Coronavirus: Birmingham NEC ‘stands ready and equipped’ to become next temporary UK hospital

·2-min read
National Exhibition Centre, Birmingham: Getty Images
National Exhibition Centre, Birmingham: Getty Images

Bosses at Birmingham’s National Exhibition Centre have said the venue “stands ready” to become a massive temporary hospital during the coronavirus crisis.

The sprawling 18-exhibition hall facility would be “well equipped” to become an emergency overspill treatment centre for the expected surge in patients needing critical care, they believe.

The comments come amid expectations that more field hospitals will be announced in the coming days and weeks after health secretary Matt Hancock revealed on Tuesday that the ExCel Centre in London was to be transformed into the all-new Nightingale Hospital.

It will be capable of treating 4,000 critical care patients in two mammoth 2,000-bed wards.

The NHS Birmingham and Solihull clinical commissioning group said on Wednesday afternoon a “national announcement” was expected shortly, but was unable to give any further details regarding a potential role for the NEC.

In a statement, however, the centre’s group chief executive Paul Thandi said: “As a cornerstone of the local community, we are committed to playing our part in ensuring the health and wellbeing of everyone in our area.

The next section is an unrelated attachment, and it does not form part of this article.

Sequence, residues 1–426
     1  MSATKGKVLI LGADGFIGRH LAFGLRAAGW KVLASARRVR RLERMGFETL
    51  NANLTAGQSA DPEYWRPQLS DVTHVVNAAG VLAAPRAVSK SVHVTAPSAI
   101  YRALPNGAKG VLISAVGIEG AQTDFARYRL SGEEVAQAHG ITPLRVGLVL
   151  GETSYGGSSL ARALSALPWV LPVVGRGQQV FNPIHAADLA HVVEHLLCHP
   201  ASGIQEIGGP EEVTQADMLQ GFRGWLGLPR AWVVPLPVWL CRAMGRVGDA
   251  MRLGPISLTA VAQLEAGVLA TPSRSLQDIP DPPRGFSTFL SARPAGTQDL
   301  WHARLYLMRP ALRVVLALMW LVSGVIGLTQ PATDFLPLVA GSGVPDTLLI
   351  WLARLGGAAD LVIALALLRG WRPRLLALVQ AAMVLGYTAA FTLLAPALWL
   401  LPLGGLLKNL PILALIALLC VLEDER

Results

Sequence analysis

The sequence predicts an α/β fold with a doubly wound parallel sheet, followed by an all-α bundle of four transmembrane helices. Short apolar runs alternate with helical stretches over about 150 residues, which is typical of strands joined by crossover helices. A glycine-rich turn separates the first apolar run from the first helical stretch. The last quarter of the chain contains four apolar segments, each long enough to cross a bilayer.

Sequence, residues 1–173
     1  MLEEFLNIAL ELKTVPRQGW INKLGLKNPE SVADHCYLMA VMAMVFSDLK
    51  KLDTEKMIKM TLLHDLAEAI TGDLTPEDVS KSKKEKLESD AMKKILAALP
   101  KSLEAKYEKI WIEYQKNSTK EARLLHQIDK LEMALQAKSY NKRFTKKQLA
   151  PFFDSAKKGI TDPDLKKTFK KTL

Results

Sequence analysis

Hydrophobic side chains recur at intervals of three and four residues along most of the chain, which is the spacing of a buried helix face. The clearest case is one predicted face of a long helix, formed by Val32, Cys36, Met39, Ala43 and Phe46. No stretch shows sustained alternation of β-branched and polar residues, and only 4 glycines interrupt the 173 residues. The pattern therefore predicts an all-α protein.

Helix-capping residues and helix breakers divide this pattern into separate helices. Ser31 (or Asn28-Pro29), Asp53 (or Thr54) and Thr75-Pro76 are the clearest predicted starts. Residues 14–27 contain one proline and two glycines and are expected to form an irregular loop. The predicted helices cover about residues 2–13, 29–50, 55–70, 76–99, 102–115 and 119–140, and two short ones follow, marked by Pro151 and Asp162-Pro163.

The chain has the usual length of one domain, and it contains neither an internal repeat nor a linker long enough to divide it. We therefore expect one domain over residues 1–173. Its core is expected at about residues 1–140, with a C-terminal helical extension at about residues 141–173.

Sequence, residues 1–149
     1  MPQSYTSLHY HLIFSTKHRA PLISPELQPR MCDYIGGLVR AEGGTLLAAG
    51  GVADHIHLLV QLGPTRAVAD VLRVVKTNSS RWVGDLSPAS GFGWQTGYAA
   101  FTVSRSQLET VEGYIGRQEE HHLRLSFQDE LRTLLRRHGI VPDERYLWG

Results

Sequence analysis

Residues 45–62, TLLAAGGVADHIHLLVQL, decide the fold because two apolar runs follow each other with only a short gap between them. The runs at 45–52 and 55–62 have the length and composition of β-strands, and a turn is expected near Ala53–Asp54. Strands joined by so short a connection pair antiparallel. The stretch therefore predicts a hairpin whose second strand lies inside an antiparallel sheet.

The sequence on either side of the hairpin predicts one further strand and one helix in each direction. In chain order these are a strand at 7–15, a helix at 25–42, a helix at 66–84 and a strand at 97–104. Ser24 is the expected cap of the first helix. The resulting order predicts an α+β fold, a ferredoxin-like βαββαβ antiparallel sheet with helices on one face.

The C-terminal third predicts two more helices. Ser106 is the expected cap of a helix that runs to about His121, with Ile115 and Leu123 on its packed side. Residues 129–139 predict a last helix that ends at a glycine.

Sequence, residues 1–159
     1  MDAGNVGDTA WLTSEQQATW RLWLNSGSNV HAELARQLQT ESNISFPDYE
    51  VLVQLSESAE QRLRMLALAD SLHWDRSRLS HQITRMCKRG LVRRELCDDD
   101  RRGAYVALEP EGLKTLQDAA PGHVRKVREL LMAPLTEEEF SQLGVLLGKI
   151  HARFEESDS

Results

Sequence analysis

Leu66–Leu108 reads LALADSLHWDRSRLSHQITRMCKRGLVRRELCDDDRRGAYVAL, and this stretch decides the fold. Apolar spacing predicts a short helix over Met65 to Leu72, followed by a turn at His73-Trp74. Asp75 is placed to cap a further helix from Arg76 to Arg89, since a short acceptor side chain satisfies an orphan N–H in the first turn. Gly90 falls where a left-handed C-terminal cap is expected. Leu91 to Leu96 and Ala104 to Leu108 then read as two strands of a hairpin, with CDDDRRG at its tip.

“As such, we stand ready and willing to help our emergency services — especially at a time like this.

“The NEC is well equipped to be used as a support base if such need arises, so please be assured that if we are requested to do so, we can action this with immediate effect.

“We are and have been in constant communication with the local NHS trust, police and fire service, and the services are fully aware of the capabilities of the venue.

“We will do our utmost to support the effort in combating the virus.”

Meanwhile, a university has stepped in offering free rooms at two halls of residence to staff and patients, to help ease the strain on the health service.

The University of Northampton is making 300 empty rooms available to hospital patients and those in social care, who are clear of the virus.

It is hoped the measure frees-up space for others who need oxygen and critical care, the university said.

Professor Nick Petford, the vice-chancellor, said: “With more challenges ahead and many more new and much needed healthcare professionals due to join the fight, we gladly and gratefully open our doors to them.”

In other plans, meanwhile, a number of hotels have also reportedly been approached as potential overspill treatment facilities for if and when nearby hospitals begin to run out of critical care capacity.

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